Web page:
By Oleen Ndori, International Desk Editor
The United Nations Special Rapporteur Alena Douhan has recommended the lifting of the unilateral sanctions imposed on Zimbabwe in line with the principles of international law.
Between the 18th and 28th of October last year, United Nations Special Rapporteur, Dr Alena Douhan embarked on a 10-day fact finding mission on the impact of illegal sanctions imposed on Zimbabwe by the West.
During the course of her visit, she engaged various stakeholders in different socio-economic sectors culminating in a report which urges the United States to cease the state of national emergency regarding Zimbabwe, which is not in accordance with the norms of the International Covenant on Civil and Political Rights.
The United Nations Special Rapporteur also called for the US national legislation to be aligned to international law, including human rights law, refugee law and the law of international responsibility.
She further called for meaningful and structured political dialogue on human rights, good governance and the rule of law with a view to lifting all primary and secondary sanctions imposed on legal and natural persons in Zimbabwe.
In reaching conclusions and recommendation, Dr Douhan throughout the report noted with concern negative effects of the sanctions on the general macro-economic environment of Zimbabwe, impact on the humanitarian situation, access to education, health, water and sanitation.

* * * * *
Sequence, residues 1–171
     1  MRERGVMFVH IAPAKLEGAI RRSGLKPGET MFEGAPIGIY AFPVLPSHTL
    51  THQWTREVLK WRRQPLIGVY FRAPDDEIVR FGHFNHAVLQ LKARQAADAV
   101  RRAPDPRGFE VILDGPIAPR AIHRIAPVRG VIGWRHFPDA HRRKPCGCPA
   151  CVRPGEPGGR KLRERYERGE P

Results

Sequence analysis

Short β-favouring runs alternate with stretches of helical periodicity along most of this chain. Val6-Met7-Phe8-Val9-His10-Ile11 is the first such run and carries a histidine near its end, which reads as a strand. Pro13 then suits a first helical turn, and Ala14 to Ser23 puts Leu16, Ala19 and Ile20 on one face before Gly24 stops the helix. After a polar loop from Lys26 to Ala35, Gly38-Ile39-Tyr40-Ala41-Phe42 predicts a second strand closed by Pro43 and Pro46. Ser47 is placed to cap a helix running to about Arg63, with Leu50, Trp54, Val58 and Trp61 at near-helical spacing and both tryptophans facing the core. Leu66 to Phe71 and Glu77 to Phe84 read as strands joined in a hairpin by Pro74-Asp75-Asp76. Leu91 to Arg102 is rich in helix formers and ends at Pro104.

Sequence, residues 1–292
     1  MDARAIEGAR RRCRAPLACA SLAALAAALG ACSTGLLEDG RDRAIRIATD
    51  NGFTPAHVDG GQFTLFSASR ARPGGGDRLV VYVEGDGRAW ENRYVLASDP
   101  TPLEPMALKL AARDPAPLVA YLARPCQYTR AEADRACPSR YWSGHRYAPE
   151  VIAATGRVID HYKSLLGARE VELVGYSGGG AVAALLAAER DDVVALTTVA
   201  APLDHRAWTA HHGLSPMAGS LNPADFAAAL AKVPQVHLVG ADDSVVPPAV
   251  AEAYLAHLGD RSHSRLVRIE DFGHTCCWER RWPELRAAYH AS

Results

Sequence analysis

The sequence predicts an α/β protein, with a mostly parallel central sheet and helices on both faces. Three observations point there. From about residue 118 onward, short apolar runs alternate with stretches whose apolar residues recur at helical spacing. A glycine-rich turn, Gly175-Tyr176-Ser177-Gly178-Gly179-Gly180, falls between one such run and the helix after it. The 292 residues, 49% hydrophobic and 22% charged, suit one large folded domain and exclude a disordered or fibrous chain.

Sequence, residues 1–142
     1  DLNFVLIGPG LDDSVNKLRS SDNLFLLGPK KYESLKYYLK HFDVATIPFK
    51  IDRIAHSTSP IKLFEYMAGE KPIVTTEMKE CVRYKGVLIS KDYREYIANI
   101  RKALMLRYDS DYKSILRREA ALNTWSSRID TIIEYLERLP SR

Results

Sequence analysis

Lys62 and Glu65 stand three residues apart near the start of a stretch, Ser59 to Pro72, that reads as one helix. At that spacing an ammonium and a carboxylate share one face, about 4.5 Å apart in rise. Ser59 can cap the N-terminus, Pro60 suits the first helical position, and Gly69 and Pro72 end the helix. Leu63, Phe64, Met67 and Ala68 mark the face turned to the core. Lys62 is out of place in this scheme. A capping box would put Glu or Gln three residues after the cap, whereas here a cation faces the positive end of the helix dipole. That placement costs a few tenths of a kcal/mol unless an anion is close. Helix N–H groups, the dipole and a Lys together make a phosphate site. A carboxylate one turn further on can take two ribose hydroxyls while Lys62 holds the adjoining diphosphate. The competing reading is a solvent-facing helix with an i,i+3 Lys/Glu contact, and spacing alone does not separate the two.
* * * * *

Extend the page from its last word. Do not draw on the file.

She also noted the negative effects of the illegal embargo on critical infrastructure in transport, energy, climate change response strategies and the continued loss of qualified personnel.
According to the report, “international funding support and credit lines have been generally limited to critical humanitarian concerns, such as health epidemics or weather-related disasters, while development projects are generally given lesser consideration.
Twelve development projects that were approved for implementation via United Nations institutions during the period 2016–2021 have reportedly been cancelled because of the impossibility of attracting donor support due to the fear of sanctions.”
The Special Rapporteur further stresses that “the state of national emergency announced by the Government of the United States on the 7th of March 2003 in its Executive Order 13288 as the ground for introducing sanctions against Zimbabwe does not correspond to the requirements of article 4 of the International Covenant on Civil and Political Rights.
This includes the existence of a threat to the life of the nation, the limiting of measures to the exigencies of the situation, a limited duration, and the absence of discrimination, as referred to in the communication of human rights experts of 29 January 2021.”
It further “recalls that targeted sanctions cannot, in practice, be isolated from the negative consequences on Zimbabweans of secondary sanctions, civil and criminal penalties for circumvention of sanctions regimes, de-risking policies and over compliance.”
Zimbabwe has been under sanctions for the past two decades with the illegal embargo slowing down the country’s economic progress.